An anti-confederate protester countered back with, “Make assholes go away,” and protesters with an anti-capitalist banner followed the conservative protester while he ran in circles around the group. 

Peace and Justice Plaza 

Speeches occurred at each step of the event, beginning at the Peace and Justice Plaza with Jamison Lowery, a UNC senior and member of the Lumbee tribe. Lowery delivered a land acknowledgement on behalf of the Carolina Indian Circle. 

“To recognize the land is an expression of gratitude and appreciation to the school’s territory we reside on and a way of honoring the indigenous people who have been living and working on the land,” Lowery said. 

Following Lowery were performances by the UNC Gospel Choir and a group referred to as the “Raging Grannies,” who sang about Silent Sam falling to the tune of “When the Saints Go Marching In.” 

Former Silent Sam location

Anti-confederate protesters then gathered at the location where Silent Sam once stood on McCorkle Place before it was toppled by demonstrators a year ago.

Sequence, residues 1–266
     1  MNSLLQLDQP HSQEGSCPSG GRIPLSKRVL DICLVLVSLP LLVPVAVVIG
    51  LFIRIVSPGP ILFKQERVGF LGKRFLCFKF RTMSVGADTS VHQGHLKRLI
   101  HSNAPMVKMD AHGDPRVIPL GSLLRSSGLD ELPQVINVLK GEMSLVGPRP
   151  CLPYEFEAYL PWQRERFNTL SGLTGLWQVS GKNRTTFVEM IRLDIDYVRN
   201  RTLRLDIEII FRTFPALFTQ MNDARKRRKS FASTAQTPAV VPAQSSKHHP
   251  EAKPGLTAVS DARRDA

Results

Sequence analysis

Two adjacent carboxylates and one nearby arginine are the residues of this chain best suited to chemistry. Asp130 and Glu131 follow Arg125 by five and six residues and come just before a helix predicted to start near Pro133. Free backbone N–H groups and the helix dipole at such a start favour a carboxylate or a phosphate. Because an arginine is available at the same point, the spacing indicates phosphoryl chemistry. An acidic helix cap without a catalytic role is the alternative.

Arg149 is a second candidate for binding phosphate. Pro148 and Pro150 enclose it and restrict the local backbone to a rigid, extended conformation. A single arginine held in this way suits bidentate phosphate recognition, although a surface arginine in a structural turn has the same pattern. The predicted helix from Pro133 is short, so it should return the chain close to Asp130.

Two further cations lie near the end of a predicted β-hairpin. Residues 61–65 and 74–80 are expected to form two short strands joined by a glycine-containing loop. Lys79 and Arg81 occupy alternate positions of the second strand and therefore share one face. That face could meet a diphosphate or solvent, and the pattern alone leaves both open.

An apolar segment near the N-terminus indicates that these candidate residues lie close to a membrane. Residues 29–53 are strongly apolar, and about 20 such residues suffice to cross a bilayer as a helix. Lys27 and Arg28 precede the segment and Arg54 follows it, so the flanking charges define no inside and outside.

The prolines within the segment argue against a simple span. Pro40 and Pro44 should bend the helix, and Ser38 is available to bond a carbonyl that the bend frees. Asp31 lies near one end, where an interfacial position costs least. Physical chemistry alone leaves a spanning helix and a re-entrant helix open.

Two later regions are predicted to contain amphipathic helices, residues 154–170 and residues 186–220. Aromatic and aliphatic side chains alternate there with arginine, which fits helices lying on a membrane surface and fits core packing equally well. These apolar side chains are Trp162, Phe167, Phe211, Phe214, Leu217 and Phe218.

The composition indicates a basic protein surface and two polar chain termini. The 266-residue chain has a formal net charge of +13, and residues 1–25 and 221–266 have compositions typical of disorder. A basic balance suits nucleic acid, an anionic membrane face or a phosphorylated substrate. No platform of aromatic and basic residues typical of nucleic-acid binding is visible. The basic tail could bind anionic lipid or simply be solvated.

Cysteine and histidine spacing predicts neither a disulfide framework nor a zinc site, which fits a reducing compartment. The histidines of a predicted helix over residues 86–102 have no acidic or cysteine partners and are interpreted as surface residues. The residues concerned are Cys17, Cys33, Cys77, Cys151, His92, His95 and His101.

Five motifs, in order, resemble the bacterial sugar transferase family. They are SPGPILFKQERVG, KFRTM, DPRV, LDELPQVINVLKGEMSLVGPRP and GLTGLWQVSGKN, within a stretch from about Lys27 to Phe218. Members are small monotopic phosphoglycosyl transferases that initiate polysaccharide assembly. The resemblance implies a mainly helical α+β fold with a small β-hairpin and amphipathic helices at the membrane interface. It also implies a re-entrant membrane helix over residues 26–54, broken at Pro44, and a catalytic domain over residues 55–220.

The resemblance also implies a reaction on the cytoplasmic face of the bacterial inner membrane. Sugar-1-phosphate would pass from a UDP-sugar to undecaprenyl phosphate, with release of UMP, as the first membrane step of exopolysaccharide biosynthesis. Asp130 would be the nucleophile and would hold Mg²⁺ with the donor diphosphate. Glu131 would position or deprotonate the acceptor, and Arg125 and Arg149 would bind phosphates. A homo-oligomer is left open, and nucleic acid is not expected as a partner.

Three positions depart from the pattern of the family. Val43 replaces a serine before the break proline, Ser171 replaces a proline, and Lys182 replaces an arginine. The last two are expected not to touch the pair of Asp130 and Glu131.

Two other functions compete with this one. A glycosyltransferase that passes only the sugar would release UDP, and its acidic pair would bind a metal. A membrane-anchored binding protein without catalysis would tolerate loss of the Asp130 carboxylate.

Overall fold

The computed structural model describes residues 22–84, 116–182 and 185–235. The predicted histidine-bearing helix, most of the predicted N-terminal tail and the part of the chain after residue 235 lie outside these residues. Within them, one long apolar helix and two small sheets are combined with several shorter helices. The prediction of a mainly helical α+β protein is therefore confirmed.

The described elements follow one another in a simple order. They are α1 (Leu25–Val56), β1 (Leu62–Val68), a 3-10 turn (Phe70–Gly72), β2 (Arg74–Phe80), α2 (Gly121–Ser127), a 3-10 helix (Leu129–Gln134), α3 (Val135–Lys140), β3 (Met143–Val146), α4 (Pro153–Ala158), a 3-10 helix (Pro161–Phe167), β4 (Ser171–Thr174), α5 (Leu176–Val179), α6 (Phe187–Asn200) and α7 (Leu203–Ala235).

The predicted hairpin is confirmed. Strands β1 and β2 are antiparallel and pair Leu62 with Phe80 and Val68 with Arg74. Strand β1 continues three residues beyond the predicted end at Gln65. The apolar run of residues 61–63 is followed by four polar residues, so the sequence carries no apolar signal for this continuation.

Raul Arce Jimenez, one of the individuals charged with bringing down the statue last year, spoke to the crowd. He said he is still facing charges and awaiting trial.

“What used to be here doesn’t need to be here,” Raul said. “So, today we celebrate, as we did last year when it came down, the absence of a symbol of white supremacy. This symbol stood for more than a hundred years, glaring down on Black and Brown students as they walked by. It stood here to welcome students, but I ask ‘Who felt welcomed as they walked by this statue?’”